The return of Bristol’s climate strikes

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For the first time since the beginning of the Coronavirus pandemic, young people took to the streets of Bristol on Friday 24th September to protest the lack of action on the climate and ecological emergency.

Led by the group Bristol Youth Strike 4 Climate, this was the first youth climate strike in Bristol since February 2020, when the unofficial Swedish figurehead of the movement, Greta Thunberg, visited the city, with a turnout of over 30,000. Friday’s march and rally were significantly smaller, with about 300 attendees.

This should not be taken as a sign of failure though – the climate strike movement’s long pause means that is has lost most of its previous momentum, plus the 30,000 attendees was definitely an outlier for Bristol, which often had around no more than a few thousand attendees.

After assembling on College Green at 11am, protestors heard from speakers representing various environmental organisations, including Bristol Airport Action Network, clean air campaign Our Air Our City, as well Dr Mya-Rose ‘Birdgirl’ Craig, 19, who became the youngest ever Briton to be awarded an honorary doctorate after being awarded one in Science by the University of Bristol.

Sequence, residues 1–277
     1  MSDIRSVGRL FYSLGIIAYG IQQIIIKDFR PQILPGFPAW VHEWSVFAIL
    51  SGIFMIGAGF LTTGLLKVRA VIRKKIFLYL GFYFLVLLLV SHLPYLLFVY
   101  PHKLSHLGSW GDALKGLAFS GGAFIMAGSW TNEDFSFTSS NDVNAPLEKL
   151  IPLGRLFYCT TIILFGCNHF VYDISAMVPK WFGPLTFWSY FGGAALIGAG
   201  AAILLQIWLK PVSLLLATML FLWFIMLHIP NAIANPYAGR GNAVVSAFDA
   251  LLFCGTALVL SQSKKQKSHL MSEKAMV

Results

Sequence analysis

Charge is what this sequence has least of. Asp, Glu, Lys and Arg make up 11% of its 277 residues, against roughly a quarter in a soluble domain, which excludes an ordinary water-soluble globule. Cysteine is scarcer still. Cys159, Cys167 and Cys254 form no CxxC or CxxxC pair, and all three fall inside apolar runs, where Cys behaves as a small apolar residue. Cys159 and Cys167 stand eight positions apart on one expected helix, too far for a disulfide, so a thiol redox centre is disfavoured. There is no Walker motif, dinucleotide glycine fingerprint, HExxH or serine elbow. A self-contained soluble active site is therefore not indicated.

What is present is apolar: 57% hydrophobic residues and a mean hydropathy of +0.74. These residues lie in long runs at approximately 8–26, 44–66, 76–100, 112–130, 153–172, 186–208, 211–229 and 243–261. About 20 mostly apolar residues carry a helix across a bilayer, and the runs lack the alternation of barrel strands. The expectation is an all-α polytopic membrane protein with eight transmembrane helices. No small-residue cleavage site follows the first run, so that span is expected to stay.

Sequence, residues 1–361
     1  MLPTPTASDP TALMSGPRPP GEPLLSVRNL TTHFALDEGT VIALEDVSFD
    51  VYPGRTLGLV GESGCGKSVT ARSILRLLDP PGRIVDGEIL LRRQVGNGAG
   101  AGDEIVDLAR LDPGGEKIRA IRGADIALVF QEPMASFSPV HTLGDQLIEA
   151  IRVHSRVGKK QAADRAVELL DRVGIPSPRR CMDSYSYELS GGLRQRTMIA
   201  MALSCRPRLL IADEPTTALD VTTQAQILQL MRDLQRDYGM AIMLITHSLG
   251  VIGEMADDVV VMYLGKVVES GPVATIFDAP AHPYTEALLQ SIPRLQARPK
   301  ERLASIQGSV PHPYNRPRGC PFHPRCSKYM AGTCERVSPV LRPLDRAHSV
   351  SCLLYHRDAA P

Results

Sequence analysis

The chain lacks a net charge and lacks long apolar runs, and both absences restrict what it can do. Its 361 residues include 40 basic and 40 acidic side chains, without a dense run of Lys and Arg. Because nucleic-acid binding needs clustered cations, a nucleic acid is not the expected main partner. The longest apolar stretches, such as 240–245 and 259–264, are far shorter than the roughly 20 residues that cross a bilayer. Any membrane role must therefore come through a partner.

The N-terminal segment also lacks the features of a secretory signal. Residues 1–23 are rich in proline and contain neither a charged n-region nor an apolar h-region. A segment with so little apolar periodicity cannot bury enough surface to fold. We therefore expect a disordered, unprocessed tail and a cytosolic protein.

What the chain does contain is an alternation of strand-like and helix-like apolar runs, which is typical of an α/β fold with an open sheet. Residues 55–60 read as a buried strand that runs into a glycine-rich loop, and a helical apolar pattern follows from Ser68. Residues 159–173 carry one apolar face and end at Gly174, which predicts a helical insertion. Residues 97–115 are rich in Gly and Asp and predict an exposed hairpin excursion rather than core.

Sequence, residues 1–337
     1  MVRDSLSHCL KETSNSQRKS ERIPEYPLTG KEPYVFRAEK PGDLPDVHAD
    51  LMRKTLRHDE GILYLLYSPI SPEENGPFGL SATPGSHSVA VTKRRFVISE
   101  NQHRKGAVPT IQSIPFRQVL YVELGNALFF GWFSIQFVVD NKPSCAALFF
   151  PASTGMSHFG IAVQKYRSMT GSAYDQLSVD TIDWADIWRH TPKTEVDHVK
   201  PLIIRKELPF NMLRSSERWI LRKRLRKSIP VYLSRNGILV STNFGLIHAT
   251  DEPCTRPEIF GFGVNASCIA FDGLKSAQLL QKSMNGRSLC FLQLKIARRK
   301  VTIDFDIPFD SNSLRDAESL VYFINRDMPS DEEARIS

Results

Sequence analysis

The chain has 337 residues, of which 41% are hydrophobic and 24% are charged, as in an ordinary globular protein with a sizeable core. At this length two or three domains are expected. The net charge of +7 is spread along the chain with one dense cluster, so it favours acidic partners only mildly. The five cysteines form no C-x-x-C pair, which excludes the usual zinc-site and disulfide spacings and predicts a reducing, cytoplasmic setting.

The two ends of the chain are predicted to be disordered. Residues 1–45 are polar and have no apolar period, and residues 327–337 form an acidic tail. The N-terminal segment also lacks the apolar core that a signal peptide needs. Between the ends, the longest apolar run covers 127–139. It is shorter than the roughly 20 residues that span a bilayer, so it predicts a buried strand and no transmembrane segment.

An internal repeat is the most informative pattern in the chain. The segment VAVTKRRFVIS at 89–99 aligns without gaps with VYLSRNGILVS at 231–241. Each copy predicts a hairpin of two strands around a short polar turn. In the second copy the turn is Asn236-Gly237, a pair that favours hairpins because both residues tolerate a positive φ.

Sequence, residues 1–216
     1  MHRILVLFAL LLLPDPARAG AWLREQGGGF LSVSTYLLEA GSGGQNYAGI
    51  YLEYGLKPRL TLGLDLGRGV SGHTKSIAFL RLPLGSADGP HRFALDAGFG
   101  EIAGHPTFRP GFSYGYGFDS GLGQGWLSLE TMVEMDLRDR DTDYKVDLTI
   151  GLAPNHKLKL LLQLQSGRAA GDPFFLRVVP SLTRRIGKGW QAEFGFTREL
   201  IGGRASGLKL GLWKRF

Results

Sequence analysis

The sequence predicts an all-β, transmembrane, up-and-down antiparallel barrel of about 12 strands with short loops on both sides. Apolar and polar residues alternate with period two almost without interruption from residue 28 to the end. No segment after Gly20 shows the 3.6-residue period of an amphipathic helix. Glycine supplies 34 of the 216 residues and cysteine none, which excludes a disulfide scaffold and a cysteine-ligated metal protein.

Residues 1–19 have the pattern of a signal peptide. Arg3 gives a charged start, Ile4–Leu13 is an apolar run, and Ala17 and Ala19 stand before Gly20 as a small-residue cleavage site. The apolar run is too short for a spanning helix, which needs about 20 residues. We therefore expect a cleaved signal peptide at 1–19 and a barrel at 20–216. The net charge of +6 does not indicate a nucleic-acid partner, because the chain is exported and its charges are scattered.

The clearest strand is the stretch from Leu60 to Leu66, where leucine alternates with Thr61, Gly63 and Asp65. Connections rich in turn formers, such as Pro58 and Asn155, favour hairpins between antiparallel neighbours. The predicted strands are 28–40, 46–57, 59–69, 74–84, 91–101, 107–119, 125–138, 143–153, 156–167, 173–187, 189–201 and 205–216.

This time, the youth climate strikers focussed on two themes: ‘intersectional climate justice’ and ‘time is running out’, as well as the local issues of airport expansion. The protest was held alongside others on the same day across the world, including Glasgow and London in the UK.

Protestors marched around the city centre

Some will make their previous criticisms of the movement heard again, from the message and the aims to the tactics of the protests. In the comments section of the article I wrote for Bristol 24/7 in support of the strikes, one commenter claimed I was “misguided” and “completely removed from the reality of life”. This was alongside making many assumptions on how I believe the climate and ecological crisis should be resolved, the main one being that I supposedly wanted to shift the cost onto the working class.

Other comments included those on Bristol Live, describing BYS4C as “morons from out of space,” the “village idiot brigade,” and last but not least, “loony toon kids.”

The school strike movement is most certainly used to these comments by now: they are nothing new. Where this movement goes now, we will have to see, but the youth strikes for climate are back in Bristol.